“Six months ago, I signed a new two-year budget for the state. As I said at the time, it is a great budget for Washington state — a budget that is moving our state forward,” Inslee said. “This supplemental budget will focus on implementing these historic investments and make modest, responsible adjustments to follow through on our good work.”
To cover the costs of this plan, Governor Inslee proposes closing or limiting several outdated tax breaks that are not as high a priority as our state’s K-12 education system. His plan would raise about $101 million in the next fiscal year by making the following tax and revenue changes effective July 1, 2016:
- Repeal the use tax exemption for extracted fuel.
- Refund the state portion of sales tax to nonresidents.
- Repeal the sales tax exemption on bottled water.
- Limit the real estate excise tax exemption for banks.
The Seattle Times reports on the proposals.
Gov. Jay Inslee Thursday morning released his proposed 2016 supplemental budget — along with a separate plan to boost teacher salaries, to be paid for by closing several tax preferences.
The governor’s supplemental budget would draw $178 million from the state’s reserve funds to pay for the costs of fighting this year’s wildfires, which burned 1 million acres and destroyed more than 300 homes.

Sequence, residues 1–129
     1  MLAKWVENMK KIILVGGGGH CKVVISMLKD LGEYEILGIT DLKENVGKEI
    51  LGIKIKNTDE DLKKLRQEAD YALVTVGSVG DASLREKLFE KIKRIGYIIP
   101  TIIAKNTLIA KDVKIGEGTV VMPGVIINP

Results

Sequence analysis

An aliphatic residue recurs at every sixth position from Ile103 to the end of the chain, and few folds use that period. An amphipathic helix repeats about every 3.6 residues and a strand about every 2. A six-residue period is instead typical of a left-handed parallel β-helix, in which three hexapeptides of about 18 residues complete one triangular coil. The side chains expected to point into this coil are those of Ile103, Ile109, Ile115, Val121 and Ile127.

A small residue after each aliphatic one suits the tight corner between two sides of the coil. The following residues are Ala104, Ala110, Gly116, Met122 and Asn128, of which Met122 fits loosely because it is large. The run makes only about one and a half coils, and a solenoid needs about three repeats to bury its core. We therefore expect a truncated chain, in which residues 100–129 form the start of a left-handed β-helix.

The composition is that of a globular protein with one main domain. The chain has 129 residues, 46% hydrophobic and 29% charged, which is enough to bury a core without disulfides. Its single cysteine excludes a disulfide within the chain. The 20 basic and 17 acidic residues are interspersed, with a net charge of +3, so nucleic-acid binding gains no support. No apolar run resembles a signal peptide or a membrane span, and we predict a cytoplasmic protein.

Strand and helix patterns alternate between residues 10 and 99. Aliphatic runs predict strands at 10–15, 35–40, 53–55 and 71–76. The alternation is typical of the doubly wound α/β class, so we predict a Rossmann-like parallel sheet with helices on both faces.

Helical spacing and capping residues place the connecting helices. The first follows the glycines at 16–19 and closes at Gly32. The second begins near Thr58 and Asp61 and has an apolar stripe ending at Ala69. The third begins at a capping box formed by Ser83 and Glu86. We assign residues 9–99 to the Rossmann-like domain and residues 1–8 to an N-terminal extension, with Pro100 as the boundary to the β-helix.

Inslee also budgeted $16.4 million to pay the $100,000-per-day fines imposed in August by the state Supreme Court.
The Times reports reactions from Inslee’s likely challenger.
Bill Bryant, a Republican challenging Inslee in next year’s gubernatorial election, criticized Inslee’s proposal for including new spending and called the plan to eliminate tax preferences a tax hike.
The Associated Press has a response from the Senate Ways and Means committee chair.
…Senate Republicans’ main budget writer, Sen. Andy Hill, criticized the plan, writing that “the governor continues to offer plenty of ways to spend taxpayer dollars, but fails to provide a sustainable way to pay for it.”
Education funding continues to roil legislative waters. Jerry Cornfield reports that the bipartisan group charged with developing a legislative plan to respond to the state Supreme Court’s school funding order will not have a plan in place by year’s end.
The contingent of Democratic and Republican lawmakers met for a final time in 2015 Monday, adjourning without agreement on the contours or content of a proposal to put forth in the 2016 session.
They plan to gather again Jan. 4 — one week before the session begins — with hope but uncertainty of reaching an accord.
The 2016 session is scheduled to last 60 days.